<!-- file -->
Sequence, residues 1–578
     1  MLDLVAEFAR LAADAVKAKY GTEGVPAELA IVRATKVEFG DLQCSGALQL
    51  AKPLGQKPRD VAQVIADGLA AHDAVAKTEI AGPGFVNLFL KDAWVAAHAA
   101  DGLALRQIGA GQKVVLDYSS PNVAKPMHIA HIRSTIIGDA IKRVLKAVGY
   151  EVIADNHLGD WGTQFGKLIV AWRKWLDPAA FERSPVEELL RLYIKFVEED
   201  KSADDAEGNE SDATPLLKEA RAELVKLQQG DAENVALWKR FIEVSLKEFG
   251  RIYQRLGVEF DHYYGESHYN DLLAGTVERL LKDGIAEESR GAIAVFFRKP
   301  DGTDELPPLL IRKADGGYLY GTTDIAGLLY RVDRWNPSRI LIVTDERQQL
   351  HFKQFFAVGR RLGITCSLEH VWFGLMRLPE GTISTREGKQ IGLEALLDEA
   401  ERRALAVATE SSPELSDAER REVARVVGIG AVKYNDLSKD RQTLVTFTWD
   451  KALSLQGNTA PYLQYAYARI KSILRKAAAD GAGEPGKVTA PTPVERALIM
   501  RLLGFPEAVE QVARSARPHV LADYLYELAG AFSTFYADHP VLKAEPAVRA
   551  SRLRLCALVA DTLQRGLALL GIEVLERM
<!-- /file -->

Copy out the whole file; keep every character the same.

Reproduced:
Sequence, residues 1–578
     1  MLDLVAEFAR LAADAVKAKY GTEGVPAELA IVRATKVEFG DLQCSGALQL
    51  AKPLGQKPRD VAQVIADGLA AHDAVAKTEI AGPGFVNLFL KDAWVAAHAA
   101  DGLALRQIGA GQKVVLDYSS PNVAKPMHIA HIRSTIIGDA IKRVLKAVGY
   151  EVIADNHLGD WGTQFGKLIV AWRKWLDPAA FERSPVEELL RLYIKFVEED
   201  KSADDAEGNE SDATPLLKEA RAELVKLQQG DAENVALWKR FIEVSLKEFG
   251  RIYQRLGVEF DHYYGESHYN DLLAGTVERL LKDGIAEESR GAIAVFFRKP
   301  DGTDELPPLL IRKADGGYLY GTTDIAGLLY RVDRWNPSRI LIVTDERQQL
   351  HFKQFFAVGR RLGITCSLEH VWFGLMRLPE GTISTREGKQ IGLEALLDEA
   401  ERRALAVATE SSPELSDAER REVARVVGIG AVKYNDLSKD RQTLVTFTWD
   451  KALSLQGNTA PYLQYAYARI KSILRKAAAD GAGEPGKVTA PTPVERALIM
   501  RLLGFPEAVE QVARSARPHV LADYLYELAG AFSTFYADHP VLKAEPAVRA
   551  SRLRLCALVA DTLQRGLALL GIEVLERM